Keeping Sight of the Bigger Picture

Keeping sight of the bigger pictureWith an agile development approach, there is no big spec and no big design up-front. Scope is variable. Requirements emerge and evolve. Features can be added, changed and removed throughout the project lifecycle.

So, with this moving target, how do you keep sight of the bigger picture?

Although agile development is all about breaking things down – breaking things down into micro pieces and delivering on a piecemeal basis – it is also very important to have some overall guiding context.

From my perspective, this context comes in 3 major forms:

  • Business Context
  • Project Context
  • Solution Context

Business Context

What is the business vision? What are the challenges and opportunities from a business point of view? What are the business goals – short, medium and longer term? Who are the customers? Why do they buy, and what do they use the solution for? What do they like and dislike about the product? Who is the competition and what are their solutions like?

Without this over-arching contextual information, any product development team is working with a major disadvantage.

In my experience, development people can be quite innovative. With this information – if development teams have a real insight into the business context – people on the development team can be proactive. Without necessarily being asked to work on a problem, or without being asked to come up with an idea, solutions to problems and new innovations will come to mind.

Project Context

If the development team is working on a project, many of the things defined in a more traditional project initiation phase are just as important in an agile development environment.

What is the specific problem or opportunity that the project is seeking to address? What is the vision for the project? What are the project objectives? What is the scope (broadly speaking)? What is the likely cost and timeframe? What are the benefits and how will they be realised? Who will work on the project and what is the project structure?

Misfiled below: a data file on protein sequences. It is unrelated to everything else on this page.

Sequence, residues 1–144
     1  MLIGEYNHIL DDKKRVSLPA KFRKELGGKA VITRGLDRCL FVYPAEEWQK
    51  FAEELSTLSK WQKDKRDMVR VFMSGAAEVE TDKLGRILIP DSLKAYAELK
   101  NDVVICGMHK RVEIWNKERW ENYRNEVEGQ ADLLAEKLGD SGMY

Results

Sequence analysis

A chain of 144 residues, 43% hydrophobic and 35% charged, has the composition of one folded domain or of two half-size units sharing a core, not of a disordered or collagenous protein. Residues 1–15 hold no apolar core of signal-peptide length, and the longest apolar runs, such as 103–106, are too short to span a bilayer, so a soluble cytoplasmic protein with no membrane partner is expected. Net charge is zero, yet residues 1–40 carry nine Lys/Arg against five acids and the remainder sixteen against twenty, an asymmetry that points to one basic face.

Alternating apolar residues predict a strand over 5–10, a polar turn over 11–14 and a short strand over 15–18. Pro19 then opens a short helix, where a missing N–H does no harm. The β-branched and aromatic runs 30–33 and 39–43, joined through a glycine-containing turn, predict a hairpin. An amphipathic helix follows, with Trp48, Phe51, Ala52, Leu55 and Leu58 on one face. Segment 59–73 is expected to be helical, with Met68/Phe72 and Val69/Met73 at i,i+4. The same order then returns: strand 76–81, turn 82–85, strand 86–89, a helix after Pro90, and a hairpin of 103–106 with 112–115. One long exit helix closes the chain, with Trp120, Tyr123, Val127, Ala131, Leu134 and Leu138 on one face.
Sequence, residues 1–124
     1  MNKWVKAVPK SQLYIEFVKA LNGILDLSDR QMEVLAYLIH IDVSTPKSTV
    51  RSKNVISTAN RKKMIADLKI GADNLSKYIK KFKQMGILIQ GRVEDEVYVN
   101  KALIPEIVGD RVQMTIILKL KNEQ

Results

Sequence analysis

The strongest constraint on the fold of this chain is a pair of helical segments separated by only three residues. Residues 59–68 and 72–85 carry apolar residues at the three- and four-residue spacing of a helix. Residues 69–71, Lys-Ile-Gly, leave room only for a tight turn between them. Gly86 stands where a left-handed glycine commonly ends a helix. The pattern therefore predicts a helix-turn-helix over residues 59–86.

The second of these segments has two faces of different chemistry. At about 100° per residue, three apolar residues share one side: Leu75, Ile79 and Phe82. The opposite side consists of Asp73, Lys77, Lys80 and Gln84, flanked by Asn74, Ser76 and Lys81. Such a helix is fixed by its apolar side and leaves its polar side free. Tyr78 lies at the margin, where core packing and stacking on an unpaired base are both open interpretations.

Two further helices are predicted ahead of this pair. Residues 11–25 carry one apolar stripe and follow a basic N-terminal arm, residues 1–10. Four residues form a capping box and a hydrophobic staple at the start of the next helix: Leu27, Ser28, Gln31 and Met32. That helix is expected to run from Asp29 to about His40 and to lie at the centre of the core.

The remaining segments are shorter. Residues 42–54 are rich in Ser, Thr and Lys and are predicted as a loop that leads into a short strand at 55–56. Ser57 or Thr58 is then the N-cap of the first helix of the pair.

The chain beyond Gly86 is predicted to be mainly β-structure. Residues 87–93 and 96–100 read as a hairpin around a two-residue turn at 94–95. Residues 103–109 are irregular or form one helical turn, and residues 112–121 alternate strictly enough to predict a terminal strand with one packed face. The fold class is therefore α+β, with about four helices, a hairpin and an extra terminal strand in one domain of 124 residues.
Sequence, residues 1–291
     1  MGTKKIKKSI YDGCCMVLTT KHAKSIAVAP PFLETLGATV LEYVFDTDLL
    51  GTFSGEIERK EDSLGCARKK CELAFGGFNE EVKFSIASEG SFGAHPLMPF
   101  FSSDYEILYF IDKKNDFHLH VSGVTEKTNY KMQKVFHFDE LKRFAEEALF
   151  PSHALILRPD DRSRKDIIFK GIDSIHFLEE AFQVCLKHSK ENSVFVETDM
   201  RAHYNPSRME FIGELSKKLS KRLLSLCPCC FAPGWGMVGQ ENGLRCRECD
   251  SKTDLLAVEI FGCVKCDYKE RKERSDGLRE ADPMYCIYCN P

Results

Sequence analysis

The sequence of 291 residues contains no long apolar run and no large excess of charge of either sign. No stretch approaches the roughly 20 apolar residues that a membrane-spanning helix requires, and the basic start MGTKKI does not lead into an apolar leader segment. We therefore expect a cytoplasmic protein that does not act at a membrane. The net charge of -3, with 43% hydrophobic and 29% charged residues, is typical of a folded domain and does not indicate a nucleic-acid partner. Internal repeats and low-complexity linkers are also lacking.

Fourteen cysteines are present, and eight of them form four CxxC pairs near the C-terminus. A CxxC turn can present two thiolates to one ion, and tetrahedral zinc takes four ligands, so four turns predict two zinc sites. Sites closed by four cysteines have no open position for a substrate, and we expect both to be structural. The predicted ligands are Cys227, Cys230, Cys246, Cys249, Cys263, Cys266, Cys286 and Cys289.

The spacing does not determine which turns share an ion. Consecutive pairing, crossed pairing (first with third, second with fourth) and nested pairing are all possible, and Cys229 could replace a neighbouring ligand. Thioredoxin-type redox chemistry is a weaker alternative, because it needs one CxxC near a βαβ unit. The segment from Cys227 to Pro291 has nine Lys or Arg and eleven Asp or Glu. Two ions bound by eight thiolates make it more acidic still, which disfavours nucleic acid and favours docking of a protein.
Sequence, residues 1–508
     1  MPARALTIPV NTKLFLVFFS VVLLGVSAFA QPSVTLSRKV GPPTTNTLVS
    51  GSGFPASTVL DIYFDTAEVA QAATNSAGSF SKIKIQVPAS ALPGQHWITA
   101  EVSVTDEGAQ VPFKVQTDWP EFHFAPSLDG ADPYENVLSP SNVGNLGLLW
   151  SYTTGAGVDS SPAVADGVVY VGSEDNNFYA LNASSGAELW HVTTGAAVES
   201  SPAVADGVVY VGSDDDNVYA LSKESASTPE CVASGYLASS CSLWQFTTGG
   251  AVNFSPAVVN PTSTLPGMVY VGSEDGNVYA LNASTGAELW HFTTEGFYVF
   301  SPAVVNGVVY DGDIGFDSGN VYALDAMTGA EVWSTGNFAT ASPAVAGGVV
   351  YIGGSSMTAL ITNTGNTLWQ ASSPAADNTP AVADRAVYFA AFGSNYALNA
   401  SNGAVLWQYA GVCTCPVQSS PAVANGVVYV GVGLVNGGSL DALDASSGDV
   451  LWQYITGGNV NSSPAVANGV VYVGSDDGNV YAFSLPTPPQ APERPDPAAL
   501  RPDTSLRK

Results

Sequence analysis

The answers to these questions (and more, of course) give people important guidance. And that guidance is more important than ever in an agile development approach, because of the freedom to change things along the way.

With this guidance, the project team has some parameters to work within, and a clear understanding of the expected outcomes.

Solution Context

I’m a big fan of User Stories. I’ve written quite a few entries on my blog about them recently, and how to write good User Stories. I love the fact they are so small. So self contained. So manageable. It really does keep things simple. But what should you do before you get down to the detail of individual User Stories?

It is important to look at individual User Stories in context of the overall solution. So what artifacts help us to do this? There may be others, but here are some things I certainly like to see before getting down to User Stories on a Sprint-by-Sprint basis:

  • High-level Product Roadmap – broad timeline across the top, perhaps in months or quarters; highlighting key product features or milestones. Unlike a plan, a Product Roadmap is indicative and evolves as things change. This provides the team with some structure around Sprint Planning, with the Product Roadmap helping to inform the priorities of each Sprint and set Sprint Goals.
  • High-level Visuals – this could be wireframes for key screens, Creative visuals of a web site, a conceptual story board for the UI (User Interface), etc. Whatever form it takes, it’s a high level outline of how the solution will hang together from a user’s perspective. The visuals don’t need to cover every single screen. They don’t need to show every feature. And the solution may not look exactly like the visuals when it’s finished. In fact it almost certainly won’t. But it’s a guide to what’s intended at the outset, and should cover the main scenarios for an everyday user.
  • High-level Solution Architecture – this doesn’t need to be a detailed design, but you do need some architectural guidance in order to understand key technologies, product structure and how the overall solution hangs together from a technical perspective. In my view, this can be an evolving picture, the kind of thing that is sketched on a whiteboard at the start of the project, with more details being filled in as the project progresses and as technical decisions are taken.